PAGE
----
Fearing persecution, people started expressing themselves in subliminal ways, which gave birth to the new genre of urban art. The paintings, traceable to colonial academies established in the 1940s to train Africans in the so-called fine arts, commonly fell into three categories: chronicles of the past, the social and political realities of the present, and representations related to the world of ancestors.
Urban painting experienced its heyday during the 1970s. Many painters of the time depicted the chains of slavery in the colonial days -- a genre that has became known as the Colonie Belge paintings. Serving as a weathervane of history, they indirectly criticised the oppression under the dictatorship of Mobutu.
Only a few of the hundreds of urban painters who once practiced are still active. But Muniania predicts that "these paintings will re-emerge as a tool that will bring about a serious revolution".
"As I speak this very moment, urban paintings are being created on an underground market," he said. "Because what is going on in DRC today is a travesty, which dates back to the dawn of colonisation."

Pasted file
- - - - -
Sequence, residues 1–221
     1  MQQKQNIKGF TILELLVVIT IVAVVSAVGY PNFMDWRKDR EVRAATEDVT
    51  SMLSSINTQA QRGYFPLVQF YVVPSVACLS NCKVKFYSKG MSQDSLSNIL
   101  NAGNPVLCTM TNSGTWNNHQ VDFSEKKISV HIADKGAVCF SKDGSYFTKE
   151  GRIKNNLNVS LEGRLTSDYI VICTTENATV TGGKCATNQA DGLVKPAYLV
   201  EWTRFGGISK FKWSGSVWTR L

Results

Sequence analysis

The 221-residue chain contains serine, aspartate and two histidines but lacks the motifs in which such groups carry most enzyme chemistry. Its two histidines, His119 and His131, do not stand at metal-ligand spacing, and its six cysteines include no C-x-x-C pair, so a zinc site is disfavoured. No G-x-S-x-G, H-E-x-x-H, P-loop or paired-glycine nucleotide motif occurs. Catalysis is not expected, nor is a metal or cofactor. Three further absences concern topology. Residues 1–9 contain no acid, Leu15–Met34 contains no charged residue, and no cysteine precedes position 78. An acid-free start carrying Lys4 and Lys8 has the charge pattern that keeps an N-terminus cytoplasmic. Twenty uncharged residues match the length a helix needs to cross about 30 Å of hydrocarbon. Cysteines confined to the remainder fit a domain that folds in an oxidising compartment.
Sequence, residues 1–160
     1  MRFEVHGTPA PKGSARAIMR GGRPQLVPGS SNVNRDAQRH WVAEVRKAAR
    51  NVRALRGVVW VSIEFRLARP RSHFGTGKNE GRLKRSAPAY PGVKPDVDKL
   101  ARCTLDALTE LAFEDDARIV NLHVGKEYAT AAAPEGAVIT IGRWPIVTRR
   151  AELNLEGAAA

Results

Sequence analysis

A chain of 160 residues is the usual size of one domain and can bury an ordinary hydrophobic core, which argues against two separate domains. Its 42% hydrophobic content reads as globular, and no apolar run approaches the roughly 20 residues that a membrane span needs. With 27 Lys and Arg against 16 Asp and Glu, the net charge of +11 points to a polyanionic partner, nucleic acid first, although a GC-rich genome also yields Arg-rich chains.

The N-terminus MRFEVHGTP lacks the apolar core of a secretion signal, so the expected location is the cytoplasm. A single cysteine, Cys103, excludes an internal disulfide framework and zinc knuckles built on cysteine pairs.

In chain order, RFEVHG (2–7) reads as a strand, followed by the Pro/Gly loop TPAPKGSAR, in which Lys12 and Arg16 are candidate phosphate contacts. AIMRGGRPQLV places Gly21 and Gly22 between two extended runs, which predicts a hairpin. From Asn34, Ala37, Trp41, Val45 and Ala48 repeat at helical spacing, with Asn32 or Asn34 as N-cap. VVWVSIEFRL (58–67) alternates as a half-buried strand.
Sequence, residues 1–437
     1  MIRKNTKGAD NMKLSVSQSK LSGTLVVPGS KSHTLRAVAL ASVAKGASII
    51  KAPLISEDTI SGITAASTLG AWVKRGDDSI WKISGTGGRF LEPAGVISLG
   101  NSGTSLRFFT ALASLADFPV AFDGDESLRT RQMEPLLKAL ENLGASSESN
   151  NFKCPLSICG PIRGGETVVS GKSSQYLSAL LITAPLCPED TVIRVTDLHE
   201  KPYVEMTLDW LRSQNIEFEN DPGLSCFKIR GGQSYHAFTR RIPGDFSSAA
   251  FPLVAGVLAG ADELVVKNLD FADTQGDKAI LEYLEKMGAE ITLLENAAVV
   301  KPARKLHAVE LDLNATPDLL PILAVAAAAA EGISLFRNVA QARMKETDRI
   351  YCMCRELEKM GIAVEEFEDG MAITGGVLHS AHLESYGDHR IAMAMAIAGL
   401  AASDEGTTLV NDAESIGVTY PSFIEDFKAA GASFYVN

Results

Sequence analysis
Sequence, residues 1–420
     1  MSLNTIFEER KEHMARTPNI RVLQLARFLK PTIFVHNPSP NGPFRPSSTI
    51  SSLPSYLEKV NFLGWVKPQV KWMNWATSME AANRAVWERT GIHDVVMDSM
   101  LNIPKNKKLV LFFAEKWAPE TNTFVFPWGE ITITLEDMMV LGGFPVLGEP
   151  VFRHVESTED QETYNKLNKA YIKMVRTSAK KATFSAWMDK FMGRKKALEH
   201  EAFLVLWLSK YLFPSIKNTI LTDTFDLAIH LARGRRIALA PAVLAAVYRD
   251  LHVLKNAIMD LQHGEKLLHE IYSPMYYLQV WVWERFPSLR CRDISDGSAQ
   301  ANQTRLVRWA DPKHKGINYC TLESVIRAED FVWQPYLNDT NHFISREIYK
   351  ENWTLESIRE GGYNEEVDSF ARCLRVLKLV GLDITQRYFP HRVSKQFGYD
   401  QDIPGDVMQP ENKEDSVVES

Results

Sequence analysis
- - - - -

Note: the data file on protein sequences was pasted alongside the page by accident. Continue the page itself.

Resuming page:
In the late 1870s, as the Europeans scrambled for African land and resources, the territory of Congo fell under Belgian rule, headed by King Leopold II, who installed one of the most ruthless colonial regimes in history.
Nearly a century later, the young head of the Congolese National Movement, Patrice Lumumba, paved the way for Congo's liberation from Belgium. His three-year drive for DRC's independence succeeded on Jun. 30, 1960, and he became the nation's first prime minister. But a conspiracy, reportedly with Belgian and U.S. complicity, led to Lumumba's murder at the young age of 36, and he became a national hero.
"As a Congolese and an African who has been looking for a clear path in my life, the memory of Lumumba means a lot to me," Muniania told IPS. "This man came from the people, spoke for the people of DRC, and stood up for the truth and human dignity."
Today, over 40 years after Lumumba's spoke out against the post-colonial system and fought to liberate DRC from its role as an agent of the West, "the children of Congo are still captive in their own land," he went on.
"Some of us just have to look at our urban paintings to tell our stories again," said Muniania, pointing to the central motif in many of the Colonie Belge paintings: the flogging of a Congolese prisoner, in the humiliating presence of his wife, under the supervision of a Belgian officer whose hands are clenched behind his back.